Saltalamacchia never really got going in Texas and they traded him to the Red Sox in 2010. He hit 16 home runs last season and has 20 this season.
The Rangers have been to the World Series in each of the past two seasons and they currently have a healthy lead in the American League West. Much of their recent success is due to the players they received from the Braves in the Teixeira deal.
Desperation can cause general managers to make some bad deals; some work out, while others don’t. The process will heat up again when the August 31 deadline for adding postseason-eligible players approaches. I am hopeful that the Braves will not be feeling quite so desperate at that time.
What is the deal with Melky Cabrera of the San Francisco Giants? The switch-hitting left fielder had a huge three-game series against the Atlanta Braves earlier this week, going 6-13 (.462) with a double, a triple, a home run, five runs scored, and three runs batted in.
But Cabrera also spent the whole series acting like a Giant jackass. When he hit the home run Wednesday night, he stood in the batter’s box watching the flight of the baseball and then walked about five or six steps toward first base before finally beginning his trot around the bases.
After catching a flyball in left field, he taunted Jason Heyward, daring him to try to advance to third base. On a couple of occasions, he caught flyballs for the third out of the inning and acted as if he were going to toss the ball to a fan in the stands only to hang onto it and carry it to the dugout.
After teammate Gregor Blanco hit a three-run homer in the 11th inning of Wednesday’s game, Cabrera came out of the dugout and skipped along the warning track. He mocked the tomahawk chop with a particularly rude gesture after hitting a triple Thursday afternoon.
While Cabrera is not in the same league with the biggest Giant jackass of them all, Barry Bonds, his behavior in the series with the Braves was confounding. Perhaps Cabrera holds a grudge against the Braves for releasing him after the 2010 season.
The Braves obtained Cabrera, along with pitchers Mike Dunn and Arodys Vizcaíno, in a trade that sent pitchers Javier Vázquez and Boone Logan to the New York Yankees in December 2009. Cabrera was coming off his best season with the Yankees; he hit .274 with 13 home runs and 68 RBIs in 2009.
But Cabrera hit just .255 with only four home runs and a measly 42 RBIs for the Braves in 2010, apparently stopping at every all-you-can-eat buffet, pizza parlor, hamburger joint, hotdog stand, tavern, ratskeller, and hog trough along the way. The Braves paid him $3.1 million and released him after one season.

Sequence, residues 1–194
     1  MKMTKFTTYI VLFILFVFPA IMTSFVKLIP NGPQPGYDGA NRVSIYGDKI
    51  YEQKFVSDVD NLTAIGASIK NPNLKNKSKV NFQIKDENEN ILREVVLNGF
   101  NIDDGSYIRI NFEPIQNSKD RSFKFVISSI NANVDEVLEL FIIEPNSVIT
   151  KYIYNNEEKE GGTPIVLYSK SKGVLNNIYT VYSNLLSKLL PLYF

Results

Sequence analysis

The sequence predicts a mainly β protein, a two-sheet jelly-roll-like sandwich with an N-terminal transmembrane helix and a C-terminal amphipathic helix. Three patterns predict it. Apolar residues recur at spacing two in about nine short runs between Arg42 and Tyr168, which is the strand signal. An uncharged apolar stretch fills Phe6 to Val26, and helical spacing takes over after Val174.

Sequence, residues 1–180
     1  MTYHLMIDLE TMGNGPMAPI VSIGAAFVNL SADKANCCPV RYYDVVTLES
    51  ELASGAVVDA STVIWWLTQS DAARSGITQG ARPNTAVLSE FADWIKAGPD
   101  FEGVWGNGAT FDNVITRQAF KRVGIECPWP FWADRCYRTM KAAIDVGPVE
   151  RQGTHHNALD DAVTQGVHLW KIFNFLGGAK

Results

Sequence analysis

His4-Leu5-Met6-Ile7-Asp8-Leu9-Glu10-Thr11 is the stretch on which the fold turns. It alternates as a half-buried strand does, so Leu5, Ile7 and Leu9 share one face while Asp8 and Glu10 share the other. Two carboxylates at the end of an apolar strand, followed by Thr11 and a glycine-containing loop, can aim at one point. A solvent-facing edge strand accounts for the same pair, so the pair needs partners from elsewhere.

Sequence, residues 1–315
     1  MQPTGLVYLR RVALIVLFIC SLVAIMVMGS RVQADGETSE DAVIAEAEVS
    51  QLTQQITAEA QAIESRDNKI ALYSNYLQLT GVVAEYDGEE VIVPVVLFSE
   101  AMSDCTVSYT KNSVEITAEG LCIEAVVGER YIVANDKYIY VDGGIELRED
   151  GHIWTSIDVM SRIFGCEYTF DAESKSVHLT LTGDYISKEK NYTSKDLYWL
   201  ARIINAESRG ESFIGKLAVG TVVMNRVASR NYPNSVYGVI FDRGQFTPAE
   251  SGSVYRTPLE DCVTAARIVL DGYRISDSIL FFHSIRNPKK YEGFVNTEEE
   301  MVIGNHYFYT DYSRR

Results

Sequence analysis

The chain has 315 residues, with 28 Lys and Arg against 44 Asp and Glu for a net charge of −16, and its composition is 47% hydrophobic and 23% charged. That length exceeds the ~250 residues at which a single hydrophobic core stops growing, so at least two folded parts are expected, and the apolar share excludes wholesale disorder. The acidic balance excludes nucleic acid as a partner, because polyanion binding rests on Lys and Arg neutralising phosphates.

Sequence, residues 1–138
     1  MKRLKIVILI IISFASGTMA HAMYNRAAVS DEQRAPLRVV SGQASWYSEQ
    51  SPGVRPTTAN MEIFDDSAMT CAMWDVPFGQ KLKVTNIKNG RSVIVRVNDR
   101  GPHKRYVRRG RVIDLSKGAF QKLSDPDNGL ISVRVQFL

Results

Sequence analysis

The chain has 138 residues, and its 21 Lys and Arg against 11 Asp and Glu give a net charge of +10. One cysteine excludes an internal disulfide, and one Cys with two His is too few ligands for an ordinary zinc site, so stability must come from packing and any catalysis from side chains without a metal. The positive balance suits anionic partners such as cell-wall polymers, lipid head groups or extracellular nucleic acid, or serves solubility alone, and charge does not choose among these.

The Kansas City Royals picked up Cabrera for the 2011 season and he decided to play ball; he hit .305 with 201 hits, 18 homers, and 87 RBIs. Despite such a big offensive year, the Royals traded him to the San Francisco Giants this past off-season. Cabrera is having an even better season this year. After Friday night’s game in Philadelphia, he was second in the National League in hitting at .354, leading the league in hits with 129, and had nine home runs and 48 RBIs. He was the most valuable player in this year’s All-Star Game. Cabrera certainly has developed into quite a player.
But after watching Cabrera’s performance during the three-game series against the Braves, I can understand why there are teams that don’t want him around. One has to wonder why the Royals would trade a 27-year-old outfielder who banged out 200 hits in his first season with the team. One thing is for sure: no team will put up with such nonsense if his hitting falls off.
Cabrera is sadly mistaken if he thinks the Braves mistreated him when they handed him his walking papers after one season. If he is looking for someone to blame for getting his release from the Braves, he should look no further than the nearest mirror.
Baseball’s unwritten rules seem to dictate that pitcher Tim Hudson of the Braves should have drilled Cabrera in the ribs with a fastball during Thursday afternoon’s series finale. But I was glad the Braves did not sink to Cabrera’s level by throwing one under his chin, no matter how tempting it may have been to do so. Had they retaliated and the action resulted in the suspension of a Braves’ pitcher, then Cabrera would have had the last laugh. And he would have been braying like the jackass he is.